On Tuesday, we reported that the finance ministers of eurozone reached a consensus to rescue the Spanish banks with a 100 billion euro package. The first phase of this funding will come with a 30 billion euro bailout money that will be ready by the end of this month. The accord allows Spain leverage until year 2014 to bring down its deficit to 3 per cent of GDP, the eurozone limit, from last year’s level of 8.9 percent. It should be noted here that withdrawals from Spanish banks already amount to 30% of the country’s GDP (that number looks to be increasing as mentioned below).
The euro zone members had agreed last month to inject aid into the Euopean banks and to intervene in bond markets to support troubled member states. As an aftermath to the Brussels accord, the Spanish government enforced more austerity measures in the form of an increase in sales tax and budget cuts, which are aimed at lower the country’s total budget by 65 billion euros till 2015. The measures taken by the Government to achieve this goal are, decrease in wages of civil servants and members of parliament, reduction in unemployment pay, lowering the number of town councilors, cuts in government subsidiaries to political parties/unions, closures of state-owned companies, and ending the tax deductions given to homeowners.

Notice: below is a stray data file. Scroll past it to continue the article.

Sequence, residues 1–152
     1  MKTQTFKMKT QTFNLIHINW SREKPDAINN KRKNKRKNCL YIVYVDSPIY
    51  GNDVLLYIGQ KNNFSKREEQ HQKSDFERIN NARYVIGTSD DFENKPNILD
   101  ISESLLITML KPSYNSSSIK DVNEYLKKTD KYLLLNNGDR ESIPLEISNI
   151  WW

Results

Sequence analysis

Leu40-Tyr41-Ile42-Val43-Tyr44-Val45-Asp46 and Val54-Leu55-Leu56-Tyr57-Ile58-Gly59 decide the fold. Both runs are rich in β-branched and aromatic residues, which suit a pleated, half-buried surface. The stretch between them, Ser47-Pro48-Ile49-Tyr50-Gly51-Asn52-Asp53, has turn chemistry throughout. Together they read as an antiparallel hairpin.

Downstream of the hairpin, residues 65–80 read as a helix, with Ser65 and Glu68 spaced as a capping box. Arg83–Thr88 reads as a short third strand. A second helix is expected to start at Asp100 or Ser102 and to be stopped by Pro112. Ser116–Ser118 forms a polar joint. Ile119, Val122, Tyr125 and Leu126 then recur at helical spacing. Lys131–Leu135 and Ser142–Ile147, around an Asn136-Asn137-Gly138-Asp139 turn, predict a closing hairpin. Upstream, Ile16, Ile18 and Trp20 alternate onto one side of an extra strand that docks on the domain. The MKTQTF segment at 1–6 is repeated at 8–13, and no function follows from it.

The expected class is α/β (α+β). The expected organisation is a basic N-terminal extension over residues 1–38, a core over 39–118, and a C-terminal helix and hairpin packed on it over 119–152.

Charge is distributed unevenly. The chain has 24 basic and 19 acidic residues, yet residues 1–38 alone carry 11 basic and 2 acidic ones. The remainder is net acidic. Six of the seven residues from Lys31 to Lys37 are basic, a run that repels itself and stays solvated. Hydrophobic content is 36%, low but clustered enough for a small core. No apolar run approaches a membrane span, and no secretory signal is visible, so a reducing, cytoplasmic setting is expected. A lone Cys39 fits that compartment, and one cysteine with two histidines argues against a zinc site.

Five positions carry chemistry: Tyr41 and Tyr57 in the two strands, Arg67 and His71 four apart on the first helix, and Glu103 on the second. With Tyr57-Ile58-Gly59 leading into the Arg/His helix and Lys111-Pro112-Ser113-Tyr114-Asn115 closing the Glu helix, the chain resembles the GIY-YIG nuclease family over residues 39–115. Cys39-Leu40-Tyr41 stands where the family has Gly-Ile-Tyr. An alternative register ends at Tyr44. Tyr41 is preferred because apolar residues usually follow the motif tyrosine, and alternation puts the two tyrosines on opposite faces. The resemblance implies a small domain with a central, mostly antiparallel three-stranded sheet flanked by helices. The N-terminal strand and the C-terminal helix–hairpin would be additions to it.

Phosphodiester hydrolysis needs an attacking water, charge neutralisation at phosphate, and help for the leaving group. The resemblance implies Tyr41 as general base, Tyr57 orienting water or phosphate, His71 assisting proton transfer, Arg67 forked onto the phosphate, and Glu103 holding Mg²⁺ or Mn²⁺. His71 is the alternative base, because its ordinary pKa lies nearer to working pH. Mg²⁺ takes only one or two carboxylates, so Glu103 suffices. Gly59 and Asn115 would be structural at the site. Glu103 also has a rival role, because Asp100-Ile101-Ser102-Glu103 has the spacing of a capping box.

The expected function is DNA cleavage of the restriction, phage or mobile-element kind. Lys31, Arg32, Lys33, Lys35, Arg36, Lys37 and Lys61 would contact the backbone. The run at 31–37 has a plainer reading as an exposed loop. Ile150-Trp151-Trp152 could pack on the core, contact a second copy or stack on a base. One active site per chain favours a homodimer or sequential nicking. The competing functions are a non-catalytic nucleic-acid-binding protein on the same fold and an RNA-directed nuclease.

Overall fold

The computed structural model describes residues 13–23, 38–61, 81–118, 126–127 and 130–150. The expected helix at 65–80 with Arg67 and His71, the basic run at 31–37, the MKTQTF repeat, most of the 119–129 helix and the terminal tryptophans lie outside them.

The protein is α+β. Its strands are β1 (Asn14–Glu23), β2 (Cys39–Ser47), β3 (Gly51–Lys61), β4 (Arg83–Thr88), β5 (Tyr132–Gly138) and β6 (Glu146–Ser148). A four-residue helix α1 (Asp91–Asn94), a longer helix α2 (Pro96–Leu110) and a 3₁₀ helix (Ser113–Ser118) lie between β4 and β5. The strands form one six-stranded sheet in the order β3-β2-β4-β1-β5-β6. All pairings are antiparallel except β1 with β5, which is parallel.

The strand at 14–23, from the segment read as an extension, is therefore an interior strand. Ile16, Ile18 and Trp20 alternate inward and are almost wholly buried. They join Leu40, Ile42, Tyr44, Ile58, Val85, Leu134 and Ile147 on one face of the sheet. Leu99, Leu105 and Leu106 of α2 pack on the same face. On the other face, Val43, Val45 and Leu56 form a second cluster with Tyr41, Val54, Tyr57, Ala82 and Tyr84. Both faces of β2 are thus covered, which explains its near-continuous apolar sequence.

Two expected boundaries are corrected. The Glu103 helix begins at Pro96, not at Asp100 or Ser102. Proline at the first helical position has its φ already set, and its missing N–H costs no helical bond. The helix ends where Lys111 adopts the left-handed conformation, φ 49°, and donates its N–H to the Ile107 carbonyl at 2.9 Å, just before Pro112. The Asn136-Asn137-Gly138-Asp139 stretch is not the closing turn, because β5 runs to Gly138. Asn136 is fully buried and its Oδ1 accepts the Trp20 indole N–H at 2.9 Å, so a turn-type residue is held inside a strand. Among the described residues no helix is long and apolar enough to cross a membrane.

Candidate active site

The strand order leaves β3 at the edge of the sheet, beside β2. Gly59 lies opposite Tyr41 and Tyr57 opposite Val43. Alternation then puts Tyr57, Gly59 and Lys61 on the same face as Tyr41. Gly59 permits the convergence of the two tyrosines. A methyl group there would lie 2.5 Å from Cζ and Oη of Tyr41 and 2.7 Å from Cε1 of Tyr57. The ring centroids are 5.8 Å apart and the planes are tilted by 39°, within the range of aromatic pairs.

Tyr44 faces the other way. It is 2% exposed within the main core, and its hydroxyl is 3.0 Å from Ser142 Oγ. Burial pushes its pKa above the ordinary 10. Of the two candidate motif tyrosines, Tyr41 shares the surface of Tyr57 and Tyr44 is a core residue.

Also last month Spain passed a law on financial transactions to enforce capital control. The law was drafted in a bid to prevent tax fraud and was approved by the Council of Ministers.
The measures that will be taken under the bill would be:
- Prohibition on cash payments greater than €2,500 involving business deals by entrepreneurs and freelancers
- Non-resident payers can make cash payments upto €15,000 euros.
- Upon infringement on this limit, both the payer and payee will have to pay the laibility.
- The restrictions apply to individual or enterprise businesses but NOT on private transactions
- An obligation to communicate all foreign “accounts, securities, bonds, annuities or real estate” .
- Those who fail to submit their foreign assets will be fined a minimum of 10,000 euros.
Spain has been struggling with the financial meltdown, people are already apprehensive of an exit from the euro currency and these added restrictions will only elevate the anxiety among businesses and consumers. Spain is Europe’s fourth biggest economy, and has been severly battered by the euro crisis. Today almost every fourth person in Spain is facing unemployment, which is the highest recorded rate among the countries of European Union.